Monday, March 7, 2016

Short Spring Ride



Spring is easing in on the land. After dark personal winter but having mild winter weather instead of the forecasted nasty snow and cold, the pretty weekend felt like all winter was fading. DH needed a break from son #2 kitchen rebuild, and so I drove us to the farm to check on some bulldozing being done there. The air was warm but the furious wind was a March wind for sure.



Winter wheat was making tiny shoots like green spears reaching for the heavens. Yellow and white daffodils hugged farm house foundations waiting for lilac and tulips and forsythia to come. Contented cows rested on grasses mixed with saffron shades of dead growth slowly being replaced by spring greens. Once at the farm, the bulldozer was in action even on Sunday since the coming week is to be all rain. He worked while he could. He had already recovered much land, reshaping berms and dips like a boy with modeling clay. 





























The black earth waited for seeds. The whole field seemed to quiver with expectation of growth. It looked still and lifeless, but the farmers knew life rumbled beneath. After a short bulldozing conference, we had time and inclination to drive about the other farms of the area which we had not done in years. DH named people who had once lived there. Even though the Johnsons might have lived on a piece of land for a long while, it might still be called “the Cantor place” or some such.


Nearby was once a tiny town called Kimball. It set as close the railroad tracks as possible without interrupting trains. It had a grocery, a barber, a small school house, a church at one time. Now it is practically a ghost town with abandoned homes and barns falling in on themselves. One house caught my eye, talking to me, calling to me about the woman who lived there once…how she worked flowers at her fence, at her door step, how she gathered eggs from hens that roamed among the flowers eating bugs on summer days.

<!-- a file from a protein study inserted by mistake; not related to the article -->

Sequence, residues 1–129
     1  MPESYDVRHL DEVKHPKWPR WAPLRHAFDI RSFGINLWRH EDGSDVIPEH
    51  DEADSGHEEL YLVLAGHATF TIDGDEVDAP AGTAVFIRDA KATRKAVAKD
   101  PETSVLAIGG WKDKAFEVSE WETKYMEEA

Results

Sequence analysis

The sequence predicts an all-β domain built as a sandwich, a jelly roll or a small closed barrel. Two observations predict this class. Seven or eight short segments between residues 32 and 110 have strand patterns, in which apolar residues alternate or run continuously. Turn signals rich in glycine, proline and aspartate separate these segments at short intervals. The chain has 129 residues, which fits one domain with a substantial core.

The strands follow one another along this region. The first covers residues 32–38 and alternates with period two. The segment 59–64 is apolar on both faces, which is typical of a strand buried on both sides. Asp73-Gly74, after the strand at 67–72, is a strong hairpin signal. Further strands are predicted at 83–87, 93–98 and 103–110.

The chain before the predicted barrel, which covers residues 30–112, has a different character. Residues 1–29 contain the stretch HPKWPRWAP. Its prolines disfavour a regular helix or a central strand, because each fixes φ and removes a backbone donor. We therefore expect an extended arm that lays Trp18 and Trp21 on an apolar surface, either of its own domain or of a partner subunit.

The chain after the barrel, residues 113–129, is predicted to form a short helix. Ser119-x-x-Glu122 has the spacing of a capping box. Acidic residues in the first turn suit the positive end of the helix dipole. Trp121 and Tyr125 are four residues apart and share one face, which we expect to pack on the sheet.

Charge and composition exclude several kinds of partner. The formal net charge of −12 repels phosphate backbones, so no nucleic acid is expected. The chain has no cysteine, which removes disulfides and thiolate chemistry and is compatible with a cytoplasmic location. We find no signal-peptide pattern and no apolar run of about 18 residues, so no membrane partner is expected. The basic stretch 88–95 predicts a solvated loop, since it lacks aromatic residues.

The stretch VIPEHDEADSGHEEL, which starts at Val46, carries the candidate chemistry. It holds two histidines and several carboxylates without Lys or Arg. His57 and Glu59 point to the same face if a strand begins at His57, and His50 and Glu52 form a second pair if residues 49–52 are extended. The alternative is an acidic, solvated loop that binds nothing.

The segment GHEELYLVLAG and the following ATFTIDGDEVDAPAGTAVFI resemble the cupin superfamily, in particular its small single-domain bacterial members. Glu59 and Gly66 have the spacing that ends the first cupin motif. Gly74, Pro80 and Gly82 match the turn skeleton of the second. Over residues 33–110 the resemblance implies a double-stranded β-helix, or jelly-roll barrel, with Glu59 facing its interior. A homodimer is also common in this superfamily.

We hated to cut the reverie short but needed to get on to check in at assisted living for his dad who will be 100 in May and my mother’s for quick visits before heading back to the kitchen job where sheetrock mud was drying. It felt good for a few hours to smell turned earth, feel wind on faces, to know that life rolls on with or without our permission. 














8 comments:

Rebecca said...

Oh, my! If I could walk on uneven ground w/o irritating my hip or knee, I would have loved to have been on that site with you. I can't tell you how much nostalgia I experienced looking at that abandoned house; imagining the families who once milked the life out of the land...What's going to happen there? Why the bulldozing (or did I skip something)?

Elephant's Child said...

What an absolutely delightful outing you took us on. Thank you. Lots.
I do hope that autumn can push summer out the door here. Soon.

Linda O'Connell said...

These road trips are my favorite, and they do inspire poems and stories.

BECKY said...

I love your road trip posts, too, like Linda. AND I love photos of old houses and barns, and I wonder too about who lived in them, what their lives were like, etc. Thanks, Claudia for this lovely trip!

Sioux said...

Claudia--It sounds like a great little trip. I love the photos, especially the 6th one.

Lisa Ricard Claro said...

Simply put, I loved this whole post. Your prose drew me in from start to finish and made me wish I was with you. And the photos! Oh, my goodness! I saw a hundred stories in those photos.

Donna Volkenannt said...

Lovely post, Claudia, both thoughts and photos. There's something about spring flowers that make me feel alive. I love your line: "Life rolls on, with or without our permission."
Hope you are doing well.

Marylin Warner said...

The pictures of the Kimball Bible Church and the old house with the daffodils in front reminded me so much of the rural backroads of southeast Kansas, Claudia.
Here in Colorado, after 14" of snow one weekend in February, we are now dry and in need of rain. Our hyacinths are all blooming, and also a few crocuses, and the prediction now is for a spring snowstorm next Friday.